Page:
Vaccinating vulnerable communities with VaxBus amidst fuel crisis

In its continued fight against COVID-19 in Lebanon Medair, in coordination with the Ministry of Public Health (MoPH) and with funding from EU Humanitarian Aid, established mobile COVID-19 vaccination teams by adapting several buses to create ‘VaxBuses’. The aim is to continue driving up vaccination rates in vulnerable communities with low vaccination coverage across the Bekaa Valley, Baalbek-Hermel, Nabatiyeh and the South of Lebanon, including those who would physically struggle to access vaccination centres.


“I never thought I’d say this, but I am finally vaccinated­­.” says Salwa.

For many people living in vulnerable communities with low vaccination coverage, the COVID-19 vaccine is still somewhat a puzzling topic. Across the town of Arsal, in the Baalbek – Hermel district, some people still fear the idea of getting vaccinated. However, for Salwa, a 63-year-old Lebanese Arsal resident, the vaccine is simply the key for life to return to normal. Salwa tells us her story about what the pandemic was like for her and her family, and why she wants to get vaccinated.

“I was terrified when I first heard of COVID-19. Keep in mind I wasn’t scared for myself; I was scared for my children’s health. I have four boys and three beautiful girls, bless their hearts. All my children are grown ups and have families of their own. However, what is a mother to do in times like these? I didn’t want them leaving to work, but of course they had to. My husband retired some time ago with some savings but can no longer work, and so our children provide for us. There was no other way. I had to remain strong for them throughout the pandemic, but it would tear my heart to pieces knowing they were out there every day with the coronavirus disease spreading. I always made sure to constantly remind them to take their precautions. The pandemic took a toll on us as a family. Lately, it’s been difficult with everything the country has been going through. But I am a firm believer that everything will work out just fine. By God’s will with our children’s help, we are getting by.” she says with a hopeful tone of voice.

When I first heard news of the vaccine, I couldn’t stop thinking about it. However, it seemed farfetched. At the start, it was a struggle to access accurate information. I would gather bits and pieces of information from nearby residents and neighbors, but it wasn’t nearly enough to understand. I fear what I cannot understand. Then came the fuel crisis, which made it impossible for a person anywhere in Lebanon to move from point A to B. On top of that I was slightly hesitant, and I wasn’t sure I wanted to get vaccinated at that point. Even if I wanted to, it seemed like a such an effort and struggle for us to reach any nearby centers, and so the topic was off the table. The days went by, flying one after the other off the calendar, until that one day…” says Salwa adjusting her face mask.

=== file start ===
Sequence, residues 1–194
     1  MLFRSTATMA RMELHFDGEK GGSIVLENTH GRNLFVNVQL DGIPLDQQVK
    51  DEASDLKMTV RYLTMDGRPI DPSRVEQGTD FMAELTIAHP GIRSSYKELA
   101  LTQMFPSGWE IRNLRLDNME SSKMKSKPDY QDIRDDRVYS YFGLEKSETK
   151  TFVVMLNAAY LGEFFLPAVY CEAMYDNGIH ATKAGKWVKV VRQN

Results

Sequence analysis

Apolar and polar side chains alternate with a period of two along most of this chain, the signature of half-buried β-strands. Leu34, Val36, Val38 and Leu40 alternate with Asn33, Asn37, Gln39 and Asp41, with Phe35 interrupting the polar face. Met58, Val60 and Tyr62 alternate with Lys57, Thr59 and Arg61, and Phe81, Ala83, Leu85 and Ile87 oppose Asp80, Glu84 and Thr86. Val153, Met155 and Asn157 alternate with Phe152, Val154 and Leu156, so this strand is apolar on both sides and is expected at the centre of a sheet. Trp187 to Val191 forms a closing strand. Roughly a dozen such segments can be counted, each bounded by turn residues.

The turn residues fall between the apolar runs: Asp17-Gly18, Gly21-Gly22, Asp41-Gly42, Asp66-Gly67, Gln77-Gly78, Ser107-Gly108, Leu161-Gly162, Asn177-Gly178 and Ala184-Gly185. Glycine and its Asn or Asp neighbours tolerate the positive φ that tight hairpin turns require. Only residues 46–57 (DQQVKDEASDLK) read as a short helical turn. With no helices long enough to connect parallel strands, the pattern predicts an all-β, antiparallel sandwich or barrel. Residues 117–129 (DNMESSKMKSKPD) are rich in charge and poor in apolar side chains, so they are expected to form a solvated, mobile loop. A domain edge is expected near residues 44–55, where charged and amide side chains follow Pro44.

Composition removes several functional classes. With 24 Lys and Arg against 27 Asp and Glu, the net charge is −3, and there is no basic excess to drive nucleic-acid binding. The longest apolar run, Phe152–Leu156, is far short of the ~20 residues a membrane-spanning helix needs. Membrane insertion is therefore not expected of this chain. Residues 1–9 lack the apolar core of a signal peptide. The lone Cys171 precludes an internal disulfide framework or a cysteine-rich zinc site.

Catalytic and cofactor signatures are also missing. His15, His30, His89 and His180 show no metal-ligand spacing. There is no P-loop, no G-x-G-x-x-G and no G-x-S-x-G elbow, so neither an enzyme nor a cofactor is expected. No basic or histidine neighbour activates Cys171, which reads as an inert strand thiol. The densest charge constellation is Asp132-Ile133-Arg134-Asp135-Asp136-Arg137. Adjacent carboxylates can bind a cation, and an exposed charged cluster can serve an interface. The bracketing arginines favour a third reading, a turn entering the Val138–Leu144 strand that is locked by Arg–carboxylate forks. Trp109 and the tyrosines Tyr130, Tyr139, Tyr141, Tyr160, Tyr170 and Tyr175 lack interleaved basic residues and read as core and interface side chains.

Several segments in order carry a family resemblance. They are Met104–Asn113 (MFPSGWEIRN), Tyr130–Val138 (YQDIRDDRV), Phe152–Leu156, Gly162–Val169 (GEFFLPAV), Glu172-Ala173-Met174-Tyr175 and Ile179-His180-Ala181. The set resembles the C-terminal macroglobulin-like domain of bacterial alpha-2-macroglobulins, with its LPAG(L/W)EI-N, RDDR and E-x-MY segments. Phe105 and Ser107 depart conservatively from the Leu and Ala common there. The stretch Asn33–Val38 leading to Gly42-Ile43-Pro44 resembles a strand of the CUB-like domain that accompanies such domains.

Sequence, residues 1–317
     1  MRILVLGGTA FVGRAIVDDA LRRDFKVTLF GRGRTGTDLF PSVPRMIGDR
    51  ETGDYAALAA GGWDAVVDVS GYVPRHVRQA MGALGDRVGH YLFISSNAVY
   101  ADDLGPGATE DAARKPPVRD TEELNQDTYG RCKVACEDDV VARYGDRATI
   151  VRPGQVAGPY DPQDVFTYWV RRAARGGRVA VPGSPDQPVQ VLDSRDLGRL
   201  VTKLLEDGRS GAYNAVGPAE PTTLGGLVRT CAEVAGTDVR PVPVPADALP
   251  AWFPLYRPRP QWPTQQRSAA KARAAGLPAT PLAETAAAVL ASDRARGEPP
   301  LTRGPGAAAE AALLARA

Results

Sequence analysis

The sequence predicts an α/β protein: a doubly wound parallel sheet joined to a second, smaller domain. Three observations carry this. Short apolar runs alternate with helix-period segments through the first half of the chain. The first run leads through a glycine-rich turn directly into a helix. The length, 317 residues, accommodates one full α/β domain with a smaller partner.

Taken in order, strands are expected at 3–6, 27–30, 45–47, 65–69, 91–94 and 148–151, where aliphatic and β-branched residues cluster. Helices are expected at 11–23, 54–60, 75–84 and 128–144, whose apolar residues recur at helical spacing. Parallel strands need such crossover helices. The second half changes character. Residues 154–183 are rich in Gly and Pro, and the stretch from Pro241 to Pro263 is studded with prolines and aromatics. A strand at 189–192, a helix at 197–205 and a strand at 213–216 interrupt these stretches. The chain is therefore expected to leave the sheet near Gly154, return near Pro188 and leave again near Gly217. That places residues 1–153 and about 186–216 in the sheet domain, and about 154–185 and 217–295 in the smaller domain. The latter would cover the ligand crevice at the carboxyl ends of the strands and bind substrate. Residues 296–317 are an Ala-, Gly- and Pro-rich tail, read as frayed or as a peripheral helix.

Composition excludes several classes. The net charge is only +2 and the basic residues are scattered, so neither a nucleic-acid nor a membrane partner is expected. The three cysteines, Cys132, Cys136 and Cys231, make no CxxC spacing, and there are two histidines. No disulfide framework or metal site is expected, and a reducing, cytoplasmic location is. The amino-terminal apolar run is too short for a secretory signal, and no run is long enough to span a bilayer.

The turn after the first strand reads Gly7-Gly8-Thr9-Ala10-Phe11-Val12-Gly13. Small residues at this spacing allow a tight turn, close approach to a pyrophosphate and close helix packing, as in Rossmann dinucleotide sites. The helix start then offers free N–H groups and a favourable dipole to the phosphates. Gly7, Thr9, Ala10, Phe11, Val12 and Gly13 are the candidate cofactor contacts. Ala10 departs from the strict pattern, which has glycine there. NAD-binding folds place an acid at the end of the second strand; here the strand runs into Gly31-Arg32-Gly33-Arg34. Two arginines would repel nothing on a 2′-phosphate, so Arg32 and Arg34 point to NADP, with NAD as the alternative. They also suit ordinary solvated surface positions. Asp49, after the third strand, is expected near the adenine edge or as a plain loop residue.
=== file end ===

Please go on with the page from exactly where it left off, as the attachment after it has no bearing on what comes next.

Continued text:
A Lebanese woman waiting while Medair staff checks registration

Salwa Houjani, a Lebanese woman waits while her vaccine registration on the COVAX platform is being checked for clearance at the Public Garden in Arsal on the 16th of November 2021.

She continued eagerly “One night when I was asleep, I had a dream like no other. I woke up with ease in my heart. In my dream, I found myself together with my husband, going on a pilgrimage. For the longest time, it had been our life’s wish to go on pilgrimage together. However, the year me and my husband had agreed to go and were able to, the pandemic happened, and we had to stay put. It remained a dream until recently.” says Salwa with hopeful eyes.

Mid conversation, Salwa was called out to receive her first dose of Pfizer vaccine. Salwa had heard from nearby neighbors that there was a bus coming to town to admit Pfizer vaccinations, to those who fit the ministry of public health’s eligibility criteria. After finding out she and her husband fit the criteria, Salwa asked her children to register her family onto the COVAX platform and started encouraging others to register to get the vaccine.

A Lebanese woman looks at the vaccination card held by Medair staff

Hussein Harayti, Medair’s health manager talks to Salwa Houjani, a Lebanese woman who was just admitted her first dose of Pfizer vaccine, about the importance of the vaccination card at the Public Garden in Arsal on the 16th of November 2021

“I cannot believe I am saying this, but I am finally vaccinated.” says Salwa with an apparent smile behind her mask as she was welcomed into the monitoring area. Today, as I stood by the front gate of the public garden in Arsal, I watched the bus arrive. I knew I was making the right decision being here. Knowing that we can re-start our plan gives me hope. I understand this effort is collective, so thank you to those involved. Thank you so much for your efforts and for providing us with the vaccine. Because of the opportunity today, me and my husband are one step closer to making our dream come true. To me, getting the vaccination is the only way for life to return to normal.” she says hopeful.

Medair’s support of the COVID-19 vaccination project is with the financial support of the European Union, Swiss Solidarity and private foundations, and with Gift in Kind from UNICEF.